Even with a recount likely in the nail-biter race between Dr. Mehmet Oz and former hedge fund executive David McCormick for the GOP nomination in Pennsylvania's U.S. Senate race, Oz, as the person who remains slightly ahead, should start campaigning now for the general election in November, Rep. Guy Reschenthaler said on Newsmax Friday.
"They have to get campaigning, especially when you have the juggernaut that is John Fetterman that for whatever reason, people don't take him seriously enough," the Pennsylvania Republican said on Newsmax's "Wake Up America." "He's a very formidable candidate. I still think Dr. Oz is the only one that can beat Fetterman in the fall, but going back to the timeline there's going to be an automatic recount because in Pennsylvania if you're under 0.5% there is an automatic recount."
Fetterman, who is the lieutenant governor of Pennsylvania, handily won the Democrat primary, even while in the hospital on Election Day undergoing surgery to have a pacemaker with a defibrillator placed to protect his heart and address the underlying cause of a stroke he suffered last week.
"I'm a big proponent of continuing the campaign because again, the numbers show that Dr. Oz is going to win this race even after the legal battle," said Reschenthaler. "We can't afford to give Fetterman an even larger edge in this critical swing state."
The recount can't start any later than June 1, but has to wrap up by June 7, Reschenthaler pointed out.
"So by June 7, we should have a resolution on this case and hopefully, Dr. Oz can put this legal battle behind him and focus," he said.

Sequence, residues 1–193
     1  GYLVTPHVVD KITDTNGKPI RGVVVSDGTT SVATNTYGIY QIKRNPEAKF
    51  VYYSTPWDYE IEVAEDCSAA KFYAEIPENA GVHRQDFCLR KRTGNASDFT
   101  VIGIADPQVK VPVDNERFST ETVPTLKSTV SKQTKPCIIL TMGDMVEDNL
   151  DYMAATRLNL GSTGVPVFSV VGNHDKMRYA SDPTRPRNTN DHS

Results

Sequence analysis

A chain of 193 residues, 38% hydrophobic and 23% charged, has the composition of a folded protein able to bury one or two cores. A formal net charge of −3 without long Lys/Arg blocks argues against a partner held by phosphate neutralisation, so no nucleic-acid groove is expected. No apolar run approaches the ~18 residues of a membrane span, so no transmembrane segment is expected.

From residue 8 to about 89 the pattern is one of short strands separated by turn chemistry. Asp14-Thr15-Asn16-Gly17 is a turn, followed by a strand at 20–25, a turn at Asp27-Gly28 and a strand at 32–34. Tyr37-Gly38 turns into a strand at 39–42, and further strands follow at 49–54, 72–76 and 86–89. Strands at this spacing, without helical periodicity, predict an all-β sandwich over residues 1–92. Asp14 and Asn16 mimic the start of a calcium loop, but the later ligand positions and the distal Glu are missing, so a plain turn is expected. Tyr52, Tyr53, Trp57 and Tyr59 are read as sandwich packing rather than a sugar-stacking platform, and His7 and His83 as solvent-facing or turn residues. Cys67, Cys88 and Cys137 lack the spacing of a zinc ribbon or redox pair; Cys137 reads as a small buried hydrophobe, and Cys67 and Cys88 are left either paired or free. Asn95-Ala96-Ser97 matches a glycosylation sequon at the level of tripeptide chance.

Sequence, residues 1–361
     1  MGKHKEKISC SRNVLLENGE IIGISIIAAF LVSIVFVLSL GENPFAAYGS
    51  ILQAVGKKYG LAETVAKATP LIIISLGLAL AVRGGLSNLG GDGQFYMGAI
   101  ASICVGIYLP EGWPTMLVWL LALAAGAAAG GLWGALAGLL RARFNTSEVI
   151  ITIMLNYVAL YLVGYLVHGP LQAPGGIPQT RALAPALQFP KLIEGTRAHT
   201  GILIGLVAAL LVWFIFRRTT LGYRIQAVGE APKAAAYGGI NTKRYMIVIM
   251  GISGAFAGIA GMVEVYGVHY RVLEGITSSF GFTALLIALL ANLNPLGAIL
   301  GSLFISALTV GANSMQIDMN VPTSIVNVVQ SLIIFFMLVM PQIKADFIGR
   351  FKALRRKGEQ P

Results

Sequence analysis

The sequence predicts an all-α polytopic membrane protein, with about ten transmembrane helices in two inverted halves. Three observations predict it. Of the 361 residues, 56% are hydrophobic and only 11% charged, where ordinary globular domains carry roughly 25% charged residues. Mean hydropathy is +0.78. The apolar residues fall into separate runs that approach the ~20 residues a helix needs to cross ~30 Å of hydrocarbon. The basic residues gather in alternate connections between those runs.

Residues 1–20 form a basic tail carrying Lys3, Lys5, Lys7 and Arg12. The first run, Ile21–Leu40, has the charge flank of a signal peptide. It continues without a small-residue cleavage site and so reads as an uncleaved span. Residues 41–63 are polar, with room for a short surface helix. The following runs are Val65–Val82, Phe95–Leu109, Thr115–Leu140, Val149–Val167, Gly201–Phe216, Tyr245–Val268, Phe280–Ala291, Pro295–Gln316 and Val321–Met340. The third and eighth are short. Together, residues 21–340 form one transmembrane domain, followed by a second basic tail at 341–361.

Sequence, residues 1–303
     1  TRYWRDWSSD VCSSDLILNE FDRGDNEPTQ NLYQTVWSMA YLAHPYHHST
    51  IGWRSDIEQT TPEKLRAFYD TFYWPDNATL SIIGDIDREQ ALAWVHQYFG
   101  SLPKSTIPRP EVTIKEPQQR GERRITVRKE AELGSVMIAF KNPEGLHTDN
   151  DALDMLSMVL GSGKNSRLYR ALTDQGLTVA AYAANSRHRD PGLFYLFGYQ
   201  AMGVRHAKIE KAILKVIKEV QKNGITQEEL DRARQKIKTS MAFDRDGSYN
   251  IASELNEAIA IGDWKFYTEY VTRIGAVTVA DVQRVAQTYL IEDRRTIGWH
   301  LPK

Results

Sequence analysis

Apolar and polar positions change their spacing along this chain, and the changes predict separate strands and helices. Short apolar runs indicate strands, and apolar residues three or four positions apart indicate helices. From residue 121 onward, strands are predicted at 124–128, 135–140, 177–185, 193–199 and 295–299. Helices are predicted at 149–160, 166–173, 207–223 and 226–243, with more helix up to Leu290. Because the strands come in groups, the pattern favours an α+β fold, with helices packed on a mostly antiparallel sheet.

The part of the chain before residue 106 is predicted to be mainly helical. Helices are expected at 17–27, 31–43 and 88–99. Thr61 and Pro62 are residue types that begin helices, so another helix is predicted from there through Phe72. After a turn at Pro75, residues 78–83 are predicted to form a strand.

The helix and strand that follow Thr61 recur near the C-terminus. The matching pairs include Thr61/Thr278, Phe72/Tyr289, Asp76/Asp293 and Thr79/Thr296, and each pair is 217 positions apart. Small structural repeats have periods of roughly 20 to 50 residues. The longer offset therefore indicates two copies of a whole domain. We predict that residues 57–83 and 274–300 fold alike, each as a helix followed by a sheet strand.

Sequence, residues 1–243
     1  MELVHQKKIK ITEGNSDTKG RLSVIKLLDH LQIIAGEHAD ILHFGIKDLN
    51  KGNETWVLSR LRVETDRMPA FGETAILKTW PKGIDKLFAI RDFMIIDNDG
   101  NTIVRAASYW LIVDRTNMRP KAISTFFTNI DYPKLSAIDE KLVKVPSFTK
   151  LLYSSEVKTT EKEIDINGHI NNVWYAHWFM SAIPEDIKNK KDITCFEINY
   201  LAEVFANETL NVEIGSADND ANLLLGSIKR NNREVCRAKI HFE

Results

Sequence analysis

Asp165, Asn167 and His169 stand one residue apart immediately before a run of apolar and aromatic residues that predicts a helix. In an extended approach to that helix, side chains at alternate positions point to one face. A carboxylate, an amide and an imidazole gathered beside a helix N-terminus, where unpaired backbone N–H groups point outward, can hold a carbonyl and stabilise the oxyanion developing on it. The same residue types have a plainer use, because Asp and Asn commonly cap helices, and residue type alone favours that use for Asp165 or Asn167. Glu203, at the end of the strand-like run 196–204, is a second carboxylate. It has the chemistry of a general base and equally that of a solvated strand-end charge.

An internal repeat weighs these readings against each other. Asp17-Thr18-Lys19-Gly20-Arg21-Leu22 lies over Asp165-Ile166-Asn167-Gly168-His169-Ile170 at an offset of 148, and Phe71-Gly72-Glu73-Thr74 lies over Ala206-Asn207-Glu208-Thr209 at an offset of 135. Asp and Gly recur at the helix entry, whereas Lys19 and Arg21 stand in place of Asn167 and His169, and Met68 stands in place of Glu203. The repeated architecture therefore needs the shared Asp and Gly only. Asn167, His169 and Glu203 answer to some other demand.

At this point, Oz is holding about a 1,200 vote lead over McCormick, but still, the McCormick camp is holding out hope for the thousands of mail-in ballots that are still being counted, as many of them were cast before former President Donald Trump announced he was endorsing Oz.
"McCormick does have a slight advantage on these mail-in ballots," said Reschenthaler. "However, it's just not enough to overtake Dr. Oz. The McCormick camp thinks there are something like 15,000 outstanding ballots [but] if you talk to the secretary of state in Pennsylvania, it looks like there are fewer than 5000 outstanding ballots."
McCormick is also focused on Allegheny County, where Pittsburgh is located, as he believes he has an advantage there, but in the areas that have not yet been counted, there are more blue-collar, working-class neighborhoods, where Oz has the advantage, Reschenthaler said.
"I would predict that at best, McCormick will be at a 50-50 break on the balance coming from Allegheny County," he added.
Meanwhile, Pennsylvania is not like Virginia, Reschenthaler cautioned, and will not see a "huge red wave."
"This is going to be hard-fought," he said. "We can't cede any time to the Democrats. And that's why we need to keep the pressure on the left to make sure we win this election in the fall."
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